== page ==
But for this season to squeeze out all the potential that exists for the sport to grow as much as possible, more people need to see this season for what it is: a great opportunity to make things happen.

Charlie Baker, the president of the NCAA, and his team have a big decision ahead of them: Will the organization separate the women’s tournament from the other championships and sell the television rights as its own entity? The (nonprofit) NCAA, which runs college football like a Fortune 500 company, stands to make an additional $100 million, presumably, by doing so. Going into this season, I should have called all the Top 25 coaches to build relationships and understand how they view the sport, where they see their fit within the ecosystem of American sports. The NCAA should have had a summit this summer with the game’s major stakeholders to figure out how to capitalize on women’s basketball this season.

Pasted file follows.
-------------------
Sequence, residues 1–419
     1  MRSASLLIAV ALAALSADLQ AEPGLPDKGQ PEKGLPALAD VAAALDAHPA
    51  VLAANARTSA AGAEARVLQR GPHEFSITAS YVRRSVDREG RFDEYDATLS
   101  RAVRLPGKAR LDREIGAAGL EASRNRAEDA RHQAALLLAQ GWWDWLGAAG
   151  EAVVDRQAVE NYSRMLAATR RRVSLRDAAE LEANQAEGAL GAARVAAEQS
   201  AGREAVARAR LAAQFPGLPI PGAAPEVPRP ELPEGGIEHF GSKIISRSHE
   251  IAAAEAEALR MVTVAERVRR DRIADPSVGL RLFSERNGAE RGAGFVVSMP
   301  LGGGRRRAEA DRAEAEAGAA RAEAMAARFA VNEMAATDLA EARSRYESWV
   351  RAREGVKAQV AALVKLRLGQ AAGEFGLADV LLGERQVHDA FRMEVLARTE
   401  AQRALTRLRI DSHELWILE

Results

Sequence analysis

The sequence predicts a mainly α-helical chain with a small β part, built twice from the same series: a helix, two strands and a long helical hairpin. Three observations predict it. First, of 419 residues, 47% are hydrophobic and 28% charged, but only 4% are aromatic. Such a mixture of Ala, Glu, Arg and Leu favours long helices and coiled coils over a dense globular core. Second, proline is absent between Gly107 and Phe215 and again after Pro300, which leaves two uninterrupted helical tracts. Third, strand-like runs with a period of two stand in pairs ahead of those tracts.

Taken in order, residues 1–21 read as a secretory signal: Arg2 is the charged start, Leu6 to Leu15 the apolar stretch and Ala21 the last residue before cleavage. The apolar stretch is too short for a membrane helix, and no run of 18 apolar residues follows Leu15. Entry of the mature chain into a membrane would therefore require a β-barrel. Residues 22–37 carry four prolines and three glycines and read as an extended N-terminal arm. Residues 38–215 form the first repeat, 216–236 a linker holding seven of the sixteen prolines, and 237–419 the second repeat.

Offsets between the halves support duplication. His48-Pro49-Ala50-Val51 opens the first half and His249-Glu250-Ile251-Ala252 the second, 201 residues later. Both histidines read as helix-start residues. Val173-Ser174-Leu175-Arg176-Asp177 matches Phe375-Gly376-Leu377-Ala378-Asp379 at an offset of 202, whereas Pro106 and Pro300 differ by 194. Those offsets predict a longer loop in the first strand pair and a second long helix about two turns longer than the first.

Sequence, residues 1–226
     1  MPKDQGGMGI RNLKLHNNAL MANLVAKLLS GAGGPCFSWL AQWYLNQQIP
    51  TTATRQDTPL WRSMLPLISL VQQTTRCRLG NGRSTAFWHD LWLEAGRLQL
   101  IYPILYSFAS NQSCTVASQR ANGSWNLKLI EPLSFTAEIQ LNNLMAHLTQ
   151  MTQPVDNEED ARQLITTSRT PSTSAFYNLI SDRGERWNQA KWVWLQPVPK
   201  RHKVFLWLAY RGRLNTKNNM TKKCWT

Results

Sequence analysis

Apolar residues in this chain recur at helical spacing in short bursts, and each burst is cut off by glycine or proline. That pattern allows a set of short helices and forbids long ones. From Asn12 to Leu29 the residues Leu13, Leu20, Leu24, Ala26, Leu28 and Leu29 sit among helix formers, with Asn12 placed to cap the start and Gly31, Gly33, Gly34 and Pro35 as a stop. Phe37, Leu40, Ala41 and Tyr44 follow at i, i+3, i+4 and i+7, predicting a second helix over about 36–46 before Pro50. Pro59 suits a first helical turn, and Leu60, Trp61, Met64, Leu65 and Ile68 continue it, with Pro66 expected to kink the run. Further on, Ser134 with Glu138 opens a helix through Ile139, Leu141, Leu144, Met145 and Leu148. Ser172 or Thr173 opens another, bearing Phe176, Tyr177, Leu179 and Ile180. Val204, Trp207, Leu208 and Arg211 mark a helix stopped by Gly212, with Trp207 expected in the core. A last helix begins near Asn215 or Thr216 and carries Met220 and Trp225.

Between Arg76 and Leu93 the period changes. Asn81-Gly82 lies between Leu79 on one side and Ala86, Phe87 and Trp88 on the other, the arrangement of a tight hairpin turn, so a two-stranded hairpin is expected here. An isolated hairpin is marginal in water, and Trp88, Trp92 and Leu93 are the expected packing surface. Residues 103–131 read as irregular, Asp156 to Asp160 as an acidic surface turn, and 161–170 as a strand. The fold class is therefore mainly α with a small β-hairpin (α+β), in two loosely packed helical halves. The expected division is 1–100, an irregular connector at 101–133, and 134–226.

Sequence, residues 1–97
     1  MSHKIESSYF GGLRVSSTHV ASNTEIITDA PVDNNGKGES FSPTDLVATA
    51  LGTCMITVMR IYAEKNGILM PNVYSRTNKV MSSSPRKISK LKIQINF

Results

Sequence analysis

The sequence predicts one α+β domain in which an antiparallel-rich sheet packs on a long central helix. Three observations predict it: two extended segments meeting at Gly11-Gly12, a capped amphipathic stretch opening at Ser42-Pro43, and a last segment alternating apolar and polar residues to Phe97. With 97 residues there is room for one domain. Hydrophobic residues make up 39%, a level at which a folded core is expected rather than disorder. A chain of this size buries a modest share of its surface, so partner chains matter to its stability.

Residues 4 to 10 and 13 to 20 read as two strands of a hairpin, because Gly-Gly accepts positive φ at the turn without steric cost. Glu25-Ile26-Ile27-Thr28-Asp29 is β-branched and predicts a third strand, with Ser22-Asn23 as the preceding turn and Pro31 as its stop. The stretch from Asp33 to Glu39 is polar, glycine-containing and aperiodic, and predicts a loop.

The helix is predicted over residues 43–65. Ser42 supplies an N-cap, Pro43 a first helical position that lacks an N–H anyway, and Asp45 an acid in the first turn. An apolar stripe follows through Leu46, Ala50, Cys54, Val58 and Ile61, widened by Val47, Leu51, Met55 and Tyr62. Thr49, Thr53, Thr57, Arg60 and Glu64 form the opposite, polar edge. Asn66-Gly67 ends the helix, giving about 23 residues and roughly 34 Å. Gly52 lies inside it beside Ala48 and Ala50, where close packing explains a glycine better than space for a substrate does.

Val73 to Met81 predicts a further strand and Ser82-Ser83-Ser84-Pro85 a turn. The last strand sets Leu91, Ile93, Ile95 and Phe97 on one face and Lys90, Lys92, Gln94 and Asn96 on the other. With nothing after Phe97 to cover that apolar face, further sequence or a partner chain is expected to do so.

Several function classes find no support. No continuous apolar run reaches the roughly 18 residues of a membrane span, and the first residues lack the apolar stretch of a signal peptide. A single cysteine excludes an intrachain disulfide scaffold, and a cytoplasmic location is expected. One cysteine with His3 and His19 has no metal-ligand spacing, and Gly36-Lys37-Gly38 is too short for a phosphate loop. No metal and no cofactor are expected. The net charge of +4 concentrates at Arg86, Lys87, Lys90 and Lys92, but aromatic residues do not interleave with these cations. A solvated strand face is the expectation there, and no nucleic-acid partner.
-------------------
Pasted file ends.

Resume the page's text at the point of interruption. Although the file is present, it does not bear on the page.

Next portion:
(Narrator: They didn’t have that summit.)

Big Ten Commissioner Tony Pettiti, who is in his first year on the job, inherited a conference that is home to Clark, arguably the most recognizable athlete in college sports. Next year, the Big Ten will become the first bicoastal conference in the country that, in addition to Clark, will have some of the game’s brightest young stars who could take his place. Few people hold more vital keys to the growth of women’s college basketball than Petitti. You should have a team that studies how stars, specifically in women’s college basketball, are shaped and created by exposure through social media and traditional media, and you should prepare to apply those lessons to Ohio State’s Cotie McMahon and USC’s JuJu Watkins and whoever comes next. to boost the Big Ten.

(Narrator: There is no team studying Clark.)